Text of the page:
So there’s the answer to your implicit question: no, obviously Dan Magic isn’t the name mom gave me when I popped out the womb. Not only is it a fake name, it is the most explicitly fake name for a magician I could imagine. Which was the point. Because here’s the thing – and trust me on this, if you ever hear me say that you know I’m either about to blow your mind wide open or shovel a couple pounds of premium bullshit (or both) – I am all about telling you exactly what I want you to know. Nothing more and nothing less. My name is Dan and I do Magic. That’s literally my name. 
     
Magic is big on obfuscation and illusion, all in the service of distraction. A magician tells you to look over there so they can do something over here, presto change-o what the fuck-o there you go, here’s a rabbit. And certainly, I guess, that’s A Way of doing things. I don’t see the point. I don’t want to distract anyone. I’m kind of over trying to get anything over you. It’s not a healthy way to be or a good way to live. And I know that might sound kind of rich coming from someone named Dan Magic who is currently writing a book about just that thing – magic. But it’s the truth. Some magicians really like the power trip. That’s why they call it a trick in the first place, I suspect.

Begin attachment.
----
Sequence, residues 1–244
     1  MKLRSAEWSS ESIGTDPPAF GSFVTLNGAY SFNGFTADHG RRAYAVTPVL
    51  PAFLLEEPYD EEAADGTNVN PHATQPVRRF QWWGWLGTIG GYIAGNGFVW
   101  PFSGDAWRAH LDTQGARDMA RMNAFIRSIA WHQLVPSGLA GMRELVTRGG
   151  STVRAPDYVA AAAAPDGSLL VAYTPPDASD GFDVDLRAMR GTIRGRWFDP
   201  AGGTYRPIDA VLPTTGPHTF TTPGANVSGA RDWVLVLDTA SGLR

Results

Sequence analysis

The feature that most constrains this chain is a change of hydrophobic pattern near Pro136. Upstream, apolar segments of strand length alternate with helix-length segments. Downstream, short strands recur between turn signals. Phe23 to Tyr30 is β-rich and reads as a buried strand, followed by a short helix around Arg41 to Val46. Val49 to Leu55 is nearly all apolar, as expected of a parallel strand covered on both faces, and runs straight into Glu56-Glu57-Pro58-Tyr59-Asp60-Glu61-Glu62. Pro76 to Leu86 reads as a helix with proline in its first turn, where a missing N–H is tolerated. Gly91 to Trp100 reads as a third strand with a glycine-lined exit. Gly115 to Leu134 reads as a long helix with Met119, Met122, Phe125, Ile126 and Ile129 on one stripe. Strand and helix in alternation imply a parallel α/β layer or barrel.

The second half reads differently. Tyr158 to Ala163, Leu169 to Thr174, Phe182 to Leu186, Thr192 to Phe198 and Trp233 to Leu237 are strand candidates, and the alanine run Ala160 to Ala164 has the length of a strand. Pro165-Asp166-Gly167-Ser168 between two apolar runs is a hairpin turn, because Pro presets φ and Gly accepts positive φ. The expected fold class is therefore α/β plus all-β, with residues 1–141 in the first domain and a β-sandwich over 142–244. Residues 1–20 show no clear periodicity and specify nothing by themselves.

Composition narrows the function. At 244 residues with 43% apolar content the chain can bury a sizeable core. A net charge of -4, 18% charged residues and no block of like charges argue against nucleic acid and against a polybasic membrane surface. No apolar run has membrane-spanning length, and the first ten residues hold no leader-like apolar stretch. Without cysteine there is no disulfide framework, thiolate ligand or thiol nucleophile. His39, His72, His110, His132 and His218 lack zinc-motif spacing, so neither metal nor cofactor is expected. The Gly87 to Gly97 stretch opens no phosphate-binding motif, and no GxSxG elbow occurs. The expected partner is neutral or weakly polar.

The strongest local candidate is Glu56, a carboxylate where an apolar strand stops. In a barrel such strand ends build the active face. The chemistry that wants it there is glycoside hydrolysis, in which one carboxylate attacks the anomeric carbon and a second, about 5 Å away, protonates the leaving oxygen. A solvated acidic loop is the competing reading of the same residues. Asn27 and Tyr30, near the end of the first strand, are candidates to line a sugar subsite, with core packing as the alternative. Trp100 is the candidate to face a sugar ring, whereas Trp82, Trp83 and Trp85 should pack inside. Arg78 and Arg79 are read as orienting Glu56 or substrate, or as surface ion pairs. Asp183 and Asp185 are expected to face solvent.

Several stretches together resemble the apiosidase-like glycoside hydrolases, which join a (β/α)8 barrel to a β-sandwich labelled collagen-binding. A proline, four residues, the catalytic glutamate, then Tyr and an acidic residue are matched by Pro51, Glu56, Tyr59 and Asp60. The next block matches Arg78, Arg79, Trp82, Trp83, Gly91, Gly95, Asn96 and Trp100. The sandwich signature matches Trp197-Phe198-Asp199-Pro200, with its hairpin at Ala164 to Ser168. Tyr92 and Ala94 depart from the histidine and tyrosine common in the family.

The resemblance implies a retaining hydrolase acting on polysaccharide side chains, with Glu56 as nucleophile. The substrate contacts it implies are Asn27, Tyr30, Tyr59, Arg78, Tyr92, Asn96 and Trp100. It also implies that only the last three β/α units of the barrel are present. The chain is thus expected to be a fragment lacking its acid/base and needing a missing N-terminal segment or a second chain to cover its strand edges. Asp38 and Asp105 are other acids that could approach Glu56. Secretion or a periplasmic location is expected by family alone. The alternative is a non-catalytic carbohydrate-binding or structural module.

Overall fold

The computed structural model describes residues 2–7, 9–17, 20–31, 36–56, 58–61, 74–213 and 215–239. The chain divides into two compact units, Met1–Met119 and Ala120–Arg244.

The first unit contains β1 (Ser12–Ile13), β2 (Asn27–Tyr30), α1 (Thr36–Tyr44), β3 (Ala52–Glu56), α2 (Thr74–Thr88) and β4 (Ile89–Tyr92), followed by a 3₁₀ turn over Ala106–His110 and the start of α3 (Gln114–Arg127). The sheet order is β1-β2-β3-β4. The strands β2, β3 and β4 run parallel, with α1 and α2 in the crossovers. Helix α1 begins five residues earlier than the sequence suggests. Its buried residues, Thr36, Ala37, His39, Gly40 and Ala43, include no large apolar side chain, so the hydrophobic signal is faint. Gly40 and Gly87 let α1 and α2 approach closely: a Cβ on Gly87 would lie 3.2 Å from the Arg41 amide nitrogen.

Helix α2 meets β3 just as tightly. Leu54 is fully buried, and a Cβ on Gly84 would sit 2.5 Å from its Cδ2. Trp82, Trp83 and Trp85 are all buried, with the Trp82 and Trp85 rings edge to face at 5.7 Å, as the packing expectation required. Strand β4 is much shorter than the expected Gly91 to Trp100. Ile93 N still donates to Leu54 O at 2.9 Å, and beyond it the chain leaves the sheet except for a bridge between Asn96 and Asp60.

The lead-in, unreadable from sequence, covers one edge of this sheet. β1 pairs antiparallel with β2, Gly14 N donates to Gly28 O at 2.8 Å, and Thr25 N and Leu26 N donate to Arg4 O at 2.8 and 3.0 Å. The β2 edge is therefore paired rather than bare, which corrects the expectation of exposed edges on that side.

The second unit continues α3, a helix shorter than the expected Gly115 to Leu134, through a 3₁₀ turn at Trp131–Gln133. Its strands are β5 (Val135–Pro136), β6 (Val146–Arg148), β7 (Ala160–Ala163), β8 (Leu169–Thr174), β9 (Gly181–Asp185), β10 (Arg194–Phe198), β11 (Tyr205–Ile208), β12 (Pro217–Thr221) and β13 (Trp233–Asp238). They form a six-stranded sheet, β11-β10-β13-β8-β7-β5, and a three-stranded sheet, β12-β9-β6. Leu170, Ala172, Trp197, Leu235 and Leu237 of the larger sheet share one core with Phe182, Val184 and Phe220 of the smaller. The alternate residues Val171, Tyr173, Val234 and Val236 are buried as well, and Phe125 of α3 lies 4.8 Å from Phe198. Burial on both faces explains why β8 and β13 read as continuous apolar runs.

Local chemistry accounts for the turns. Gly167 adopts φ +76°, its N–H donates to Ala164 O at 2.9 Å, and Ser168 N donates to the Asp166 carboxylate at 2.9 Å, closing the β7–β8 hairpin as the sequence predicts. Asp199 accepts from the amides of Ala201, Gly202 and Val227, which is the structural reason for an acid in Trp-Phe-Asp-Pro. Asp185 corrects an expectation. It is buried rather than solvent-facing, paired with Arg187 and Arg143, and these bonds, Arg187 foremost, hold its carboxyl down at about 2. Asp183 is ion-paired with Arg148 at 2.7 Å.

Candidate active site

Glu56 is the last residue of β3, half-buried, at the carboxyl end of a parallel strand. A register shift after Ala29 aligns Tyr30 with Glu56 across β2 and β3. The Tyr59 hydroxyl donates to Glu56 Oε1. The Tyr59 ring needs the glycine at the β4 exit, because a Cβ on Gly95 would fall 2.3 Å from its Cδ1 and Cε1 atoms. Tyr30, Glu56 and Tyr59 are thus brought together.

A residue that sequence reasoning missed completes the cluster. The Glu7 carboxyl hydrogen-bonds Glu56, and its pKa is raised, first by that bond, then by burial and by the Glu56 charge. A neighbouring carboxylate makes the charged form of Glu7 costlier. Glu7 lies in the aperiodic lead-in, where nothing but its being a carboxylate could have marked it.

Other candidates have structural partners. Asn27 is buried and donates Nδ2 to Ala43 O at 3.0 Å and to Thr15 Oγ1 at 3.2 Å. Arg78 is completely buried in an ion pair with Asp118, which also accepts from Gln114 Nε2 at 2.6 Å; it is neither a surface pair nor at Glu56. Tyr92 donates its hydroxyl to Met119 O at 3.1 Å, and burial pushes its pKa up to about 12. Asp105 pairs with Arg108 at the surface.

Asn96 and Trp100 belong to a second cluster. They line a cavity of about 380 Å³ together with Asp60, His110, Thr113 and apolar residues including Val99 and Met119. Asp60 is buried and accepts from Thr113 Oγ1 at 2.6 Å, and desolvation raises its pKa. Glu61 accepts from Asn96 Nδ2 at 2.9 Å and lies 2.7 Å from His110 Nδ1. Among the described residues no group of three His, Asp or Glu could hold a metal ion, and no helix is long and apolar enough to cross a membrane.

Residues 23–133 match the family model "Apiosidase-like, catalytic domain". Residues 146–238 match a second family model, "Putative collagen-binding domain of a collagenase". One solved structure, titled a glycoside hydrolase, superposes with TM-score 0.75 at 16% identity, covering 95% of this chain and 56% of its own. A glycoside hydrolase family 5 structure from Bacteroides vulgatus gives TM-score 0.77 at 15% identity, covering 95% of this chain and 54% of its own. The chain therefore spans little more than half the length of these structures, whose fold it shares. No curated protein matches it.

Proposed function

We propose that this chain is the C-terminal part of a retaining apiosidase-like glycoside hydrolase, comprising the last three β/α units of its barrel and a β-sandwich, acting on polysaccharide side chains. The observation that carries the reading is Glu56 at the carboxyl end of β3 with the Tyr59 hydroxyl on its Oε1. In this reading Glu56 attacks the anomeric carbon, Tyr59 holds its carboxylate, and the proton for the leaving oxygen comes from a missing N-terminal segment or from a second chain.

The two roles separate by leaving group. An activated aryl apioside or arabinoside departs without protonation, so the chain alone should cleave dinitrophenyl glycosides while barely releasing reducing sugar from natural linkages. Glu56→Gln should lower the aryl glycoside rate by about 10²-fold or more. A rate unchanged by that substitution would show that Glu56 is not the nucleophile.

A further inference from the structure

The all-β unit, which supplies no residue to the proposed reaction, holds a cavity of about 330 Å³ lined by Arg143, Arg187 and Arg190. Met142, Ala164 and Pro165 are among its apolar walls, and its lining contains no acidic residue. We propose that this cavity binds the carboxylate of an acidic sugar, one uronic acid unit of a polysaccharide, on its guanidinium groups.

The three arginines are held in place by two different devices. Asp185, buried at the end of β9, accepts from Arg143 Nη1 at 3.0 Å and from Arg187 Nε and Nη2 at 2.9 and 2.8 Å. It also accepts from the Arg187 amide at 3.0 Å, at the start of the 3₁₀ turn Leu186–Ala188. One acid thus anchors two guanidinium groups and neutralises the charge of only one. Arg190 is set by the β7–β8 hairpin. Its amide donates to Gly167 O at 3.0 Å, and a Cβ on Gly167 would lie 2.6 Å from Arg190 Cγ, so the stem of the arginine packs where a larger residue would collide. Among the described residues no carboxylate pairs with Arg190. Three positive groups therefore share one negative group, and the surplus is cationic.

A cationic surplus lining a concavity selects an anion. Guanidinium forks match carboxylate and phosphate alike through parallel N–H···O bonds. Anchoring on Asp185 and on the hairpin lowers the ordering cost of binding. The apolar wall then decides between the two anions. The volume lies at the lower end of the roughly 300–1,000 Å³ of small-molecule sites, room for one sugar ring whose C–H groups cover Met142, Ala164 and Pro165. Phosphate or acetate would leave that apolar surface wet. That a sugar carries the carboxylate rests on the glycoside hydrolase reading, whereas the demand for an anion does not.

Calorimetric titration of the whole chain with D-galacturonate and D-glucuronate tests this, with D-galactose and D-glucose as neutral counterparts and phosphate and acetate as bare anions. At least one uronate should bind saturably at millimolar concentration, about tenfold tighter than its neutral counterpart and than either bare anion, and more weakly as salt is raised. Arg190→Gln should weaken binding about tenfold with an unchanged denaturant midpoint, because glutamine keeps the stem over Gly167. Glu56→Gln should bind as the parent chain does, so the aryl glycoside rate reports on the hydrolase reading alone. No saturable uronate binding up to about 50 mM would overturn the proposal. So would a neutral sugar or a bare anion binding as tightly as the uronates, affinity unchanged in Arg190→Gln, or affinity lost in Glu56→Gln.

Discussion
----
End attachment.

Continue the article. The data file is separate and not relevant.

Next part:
It’s important that you know, first thing out of the gate, that your name is whatever you say it is. My name is Dan Magic because I say it is. My birth name doesn’t have any special power over me but I never particularly liked it. If you knew what it was I’d be fairly surprised, but you certainly wouldn’t be able to trap me in some kind of eldritch cage with the utterance or whatever you read about in a book once. So call yourself whatever the fuck you want. It’s up to you.
     
After traveling for a while I realized that Dan was a pretty common name on most planets. Also a pretty boring name in most languages, and there are lots of languages in the galaxy. Everyone knows a Dan . . .
     
And now you know one more.

Tuesday, October 30, 2018

Announcing . . .


My Patreon subscriptions have been flat. That's actually really good considering I sometimes go over a month between uploading content, and then randomly upload 15,000 words in one go. It's a bipolar schedule for a bipolar writer, and I think by now if we've learned anything from this almost fifteen year experiment in terror called The Hurting it's that I work best when I accept the natural ebbs and flows of my writing schedule. As eccentric as that may be.